Settle Bench

The settle bench was a convenient article of furniture in the colonial home, doubling as both a table and bench. This bench, which can be built from either pine or hardwood, is an excellent example of traditional Colonial style craftsmanship. It includes the most desirable settle bench features: the wide pivoting tabic top, and the hinged seat board opening to a storage compartment below.

Except for the four turned hinge pins the entire piece can be crafted from 3/4 in. thick stock. However, unless you have access to very wide boards you will have to glue up stock to make the sides (A), the seat board (I), and top (L).

After cutting to size parts A through L, use the band saw or saber saw to shape the sides and round the corners of the cross braces and top. Dovetail the stretcher ends to the dimensions shown in the dovetail detail and notch the sides to accept these dovetailed stretchers (С). The side extensions (B) are then applied over the stretchers, locking them in place. Mount the cleats (D, E, and F) as shown, using screws inserted through slotted holes. The bottom (G) is then mounted to the cleats, also with screws through slotted holes.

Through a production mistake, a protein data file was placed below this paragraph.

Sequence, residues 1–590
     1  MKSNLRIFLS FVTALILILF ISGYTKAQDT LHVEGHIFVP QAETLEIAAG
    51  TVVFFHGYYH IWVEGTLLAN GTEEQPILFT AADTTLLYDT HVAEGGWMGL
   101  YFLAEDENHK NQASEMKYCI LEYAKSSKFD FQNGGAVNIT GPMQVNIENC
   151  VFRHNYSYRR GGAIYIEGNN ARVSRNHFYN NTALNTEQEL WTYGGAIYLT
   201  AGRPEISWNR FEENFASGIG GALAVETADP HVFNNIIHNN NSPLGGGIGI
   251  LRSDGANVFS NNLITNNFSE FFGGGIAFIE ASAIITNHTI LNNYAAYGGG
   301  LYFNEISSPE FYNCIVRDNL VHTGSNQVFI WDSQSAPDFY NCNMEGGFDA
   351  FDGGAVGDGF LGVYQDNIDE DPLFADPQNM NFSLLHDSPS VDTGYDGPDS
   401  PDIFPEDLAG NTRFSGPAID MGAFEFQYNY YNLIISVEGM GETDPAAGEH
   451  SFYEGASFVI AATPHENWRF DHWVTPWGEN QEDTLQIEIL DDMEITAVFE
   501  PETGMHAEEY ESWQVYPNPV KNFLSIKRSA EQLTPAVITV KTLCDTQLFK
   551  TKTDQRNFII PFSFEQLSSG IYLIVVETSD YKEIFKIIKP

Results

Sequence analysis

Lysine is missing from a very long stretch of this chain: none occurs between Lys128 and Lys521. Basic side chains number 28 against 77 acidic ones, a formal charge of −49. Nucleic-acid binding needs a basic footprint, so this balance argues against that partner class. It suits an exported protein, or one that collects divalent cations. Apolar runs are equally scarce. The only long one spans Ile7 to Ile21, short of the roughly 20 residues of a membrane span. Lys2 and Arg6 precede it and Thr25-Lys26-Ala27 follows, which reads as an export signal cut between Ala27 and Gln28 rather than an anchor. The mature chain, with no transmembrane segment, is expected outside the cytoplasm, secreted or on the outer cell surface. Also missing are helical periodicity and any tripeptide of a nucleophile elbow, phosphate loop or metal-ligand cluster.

Next glue in place the fixed hinge board (H). Although we have shown breadboard ends applied on the seat board (see seat top detail), the seat board can also be made without these ends. However, since the function of the breadboard ends is to prevent cupping in the wood, if you dispense with the ends make certain that the stock you select for the seat board is even grained and not likely to warp. Mount the seat board to the hinge board with a pair of 2 1/2 in butt hinges.

part 2.

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